He added the congressionally-approved continuous production authorities have been helpful aids in keeping the schedule intact. The Navy is looking to expand authorities into other areas, possibly the electric drive motor.

“It allows a more smooth ramp up” in building as repair work for other submarines decline, he said. That also helps Electric Boat maintain a steady skilled workforce over a long period of time. The authorities also “de-risk” the dangers of the early work problems surfacing in new class building, delaying the program and raising costs.

At the Senate panel last week, Lisa Gordon-Hagerty, recently confirmed as undersecretary for nuclear security at the Department of Energy, said the across-the-board nuclear weapons modernization programs has “everything is on track and on budget.” But she warned the panel that even with her program’s $15.1 billion budget request for Fiscal Year 2019, Congress “needs to sustain predictable funding” to deliver systems such as the replacement vessels for aging ballistic missile submarines.

In her opening statement, Gordon-Hagerty noted that $1.8 billion has been put against naval reactors in that request. “That’s a 20 percent increase” over last year’s and in line with Navy shipbuilding plans.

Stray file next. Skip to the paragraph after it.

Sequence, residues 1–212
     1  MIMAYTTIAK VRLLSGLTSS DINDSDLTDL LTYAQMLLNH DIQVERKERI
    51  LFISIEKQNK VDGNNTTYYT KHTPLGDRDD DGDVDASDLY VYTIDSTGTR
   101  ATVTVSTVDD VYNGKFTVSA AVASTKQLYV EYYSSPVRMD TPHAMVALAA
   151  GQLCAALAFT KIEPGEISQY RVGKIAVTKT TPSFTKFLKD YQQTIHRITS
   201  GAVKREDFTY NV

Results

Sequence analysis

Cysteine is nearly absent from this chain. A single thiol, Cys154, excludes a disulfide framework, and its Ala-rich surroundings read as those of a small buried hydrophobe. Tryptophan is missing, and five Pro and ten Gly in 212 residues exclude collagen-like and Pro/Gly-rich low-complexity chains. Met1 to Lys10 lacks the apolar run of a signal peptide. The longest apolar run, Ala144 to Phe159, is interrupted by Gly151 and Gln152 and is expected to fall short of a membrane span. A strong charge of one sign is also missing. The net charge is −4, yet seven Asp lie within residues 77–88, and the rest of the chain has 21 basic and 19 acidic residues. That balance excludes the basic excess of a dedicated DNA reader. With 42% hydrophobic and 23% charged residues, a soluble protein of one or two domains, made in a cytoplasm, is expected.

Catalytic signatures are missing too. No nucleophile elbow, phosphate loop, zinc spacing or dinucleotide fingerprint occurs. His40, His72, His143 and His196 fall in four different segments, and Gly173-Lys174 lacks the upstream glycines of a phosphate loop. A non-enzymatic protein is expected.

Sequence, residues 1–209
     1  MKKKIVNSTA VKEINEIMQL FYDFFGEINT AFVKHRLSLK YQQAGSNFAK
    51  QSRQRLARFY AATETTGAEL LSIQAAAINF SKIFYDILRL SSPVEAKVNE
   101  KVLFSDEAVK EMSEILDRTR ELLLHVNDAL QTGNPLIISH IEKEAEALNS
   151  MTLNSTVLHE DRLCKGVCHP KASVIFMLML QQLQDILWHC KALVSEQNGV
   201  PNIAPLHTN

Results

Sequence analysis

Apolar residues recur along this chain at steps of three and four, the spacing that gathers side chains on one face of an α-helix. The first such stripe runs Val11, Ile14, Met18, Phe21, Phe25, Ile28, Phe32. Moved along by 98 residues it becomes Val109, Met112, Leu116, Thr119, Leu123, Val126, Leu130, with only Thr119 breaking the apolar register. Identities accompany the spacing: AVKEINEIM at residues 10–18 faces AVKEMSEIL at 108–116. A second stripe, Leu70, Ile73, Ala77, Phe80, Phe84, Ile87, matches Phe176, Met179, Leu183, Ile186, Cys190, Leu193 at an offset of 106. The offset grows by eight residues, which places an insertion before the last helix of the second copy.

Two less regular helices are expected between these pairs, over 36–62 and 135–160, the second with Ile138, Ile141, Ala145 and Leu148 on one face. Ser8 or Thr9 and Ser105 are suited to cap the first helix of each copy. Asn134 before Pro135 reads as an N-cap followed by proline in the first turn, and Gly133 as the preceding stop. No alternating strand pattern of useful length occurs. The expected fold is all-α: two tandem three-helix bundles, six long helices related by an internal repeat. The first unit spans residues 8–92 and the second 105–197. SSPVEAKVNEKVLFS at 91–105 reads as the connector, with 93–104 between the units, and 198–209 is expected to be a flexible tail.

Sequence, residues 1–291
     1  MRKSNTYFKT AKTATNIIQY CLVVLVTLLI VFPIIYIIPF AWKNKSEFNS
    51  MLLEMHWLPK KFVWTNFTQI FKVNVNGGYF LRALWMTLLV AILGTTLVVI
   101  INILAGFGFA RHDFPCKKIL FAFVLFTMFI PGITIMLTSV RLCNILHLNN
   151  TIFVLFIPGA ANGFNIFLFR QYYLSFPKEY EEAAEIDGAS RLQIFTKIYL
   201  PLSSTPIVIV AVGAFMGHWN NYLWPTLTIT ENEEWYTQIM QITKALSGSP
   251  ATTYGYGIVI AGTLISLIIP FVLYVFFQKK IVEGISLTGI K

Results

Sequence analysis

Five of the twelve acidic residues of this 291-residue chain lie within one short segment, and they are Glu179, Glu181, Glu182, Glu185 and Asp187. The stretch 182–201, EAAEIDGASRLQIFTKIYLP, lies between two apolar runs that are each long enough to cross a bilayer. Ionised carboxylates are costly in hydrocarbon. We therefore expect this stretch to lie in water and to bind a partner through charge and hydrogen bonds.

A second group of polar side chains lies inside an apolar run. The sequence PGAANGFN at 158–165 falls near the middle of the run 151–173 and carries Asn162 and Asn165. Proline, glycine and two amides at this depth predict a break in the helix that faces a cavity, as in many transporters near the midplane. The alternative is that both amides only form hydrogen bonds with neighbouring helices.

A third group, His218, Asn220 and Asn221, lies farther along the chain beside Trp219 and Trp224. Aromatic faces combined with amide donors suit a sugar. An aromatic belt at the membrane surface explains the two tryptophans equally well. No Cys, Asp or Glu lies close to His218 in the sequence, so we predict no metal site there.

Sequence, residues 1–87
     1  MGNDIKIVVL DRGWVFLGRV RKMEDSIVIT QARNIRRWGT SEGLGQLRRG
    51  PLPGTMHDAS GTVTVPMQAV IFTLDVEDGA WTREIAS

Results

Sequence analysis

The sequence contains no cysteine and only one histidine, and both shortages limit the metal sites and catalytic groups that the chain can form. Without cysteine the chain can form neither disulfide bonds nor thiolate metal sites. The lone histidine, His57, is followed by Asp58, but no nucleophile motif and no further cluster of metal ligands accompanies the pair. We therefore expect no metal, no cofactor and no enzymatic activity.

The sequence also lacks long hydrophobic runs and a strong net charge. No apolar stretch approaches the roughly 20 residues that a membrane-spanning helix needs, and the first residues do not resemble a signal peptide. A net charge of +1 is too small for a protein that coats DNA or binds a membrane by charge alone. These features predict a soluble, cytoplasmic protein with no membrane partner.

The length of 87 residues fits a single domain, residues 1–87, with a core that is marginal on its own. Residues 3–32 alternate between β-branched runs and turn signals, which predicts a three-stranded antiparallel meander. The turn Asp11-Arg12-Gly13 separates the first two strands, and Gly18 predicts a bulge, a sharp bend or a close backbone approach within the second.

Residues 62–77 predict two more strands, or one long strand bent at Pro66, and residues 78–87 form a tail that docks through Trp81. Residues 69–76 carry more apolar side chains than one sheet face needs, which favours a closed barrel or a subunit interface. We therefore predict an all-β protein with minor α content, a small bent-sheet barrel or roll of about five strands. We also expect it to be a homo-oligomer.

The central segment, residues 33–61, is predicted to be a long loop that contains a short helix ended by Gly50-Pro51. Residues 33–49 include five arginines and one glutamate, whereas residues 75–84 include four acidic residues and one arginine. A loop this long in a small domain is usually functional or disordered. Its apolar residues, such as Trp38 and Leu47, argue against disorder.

David Trimble, from the congressionally-established the General Accountability Office, agreed the longstanding challenge will be sustainability for all the nuclear programs — from ships to weapons. He also raised the affordability issue of bringing all the modernization programs into the services on schedule. He added a further problem may lay in having all this work done at the same time as the Department of Energy is overhauling existing laboratories, reprocessing plants and other facilities such as the Naval Reactors Facility in Idaho.

Gordon-Hagery said the facilities are on the average 40 years old.

For example, recapitalization of the naval facilities at the Idaho Nuclear Laboratory is closely linked to the Columbia-class construction program.

Keeping all that spending in balance makes the task more daunting. “A change in one area [one weapons program] can affect others [infrastructure and other weapons program]” dramatically, he said.

Trimble categorized the weapons programs as being on the “high-risk list” because of their demands on the overall budget, the need to keep each synchronized with the other, all requiring infrastructure modernization and many needing a growing, competent workforce with the necessary security clearances even for non-nuclear work.

Gordon-Hagerty projected the nuclear weapons modernization program alone would have “a sustained, profound and significant” impact on the Pentagon’s budget. She told the panel the cost would consume about 6.5 percent of the defense budget, up from slightly more than 3 percent in recent years.

“We are leaning as far forward as we can” on all these efforts and making sure “that we have priorities correct.”

She told the panel she expected to report back by year’s end on infrastructure needs with cost estimates.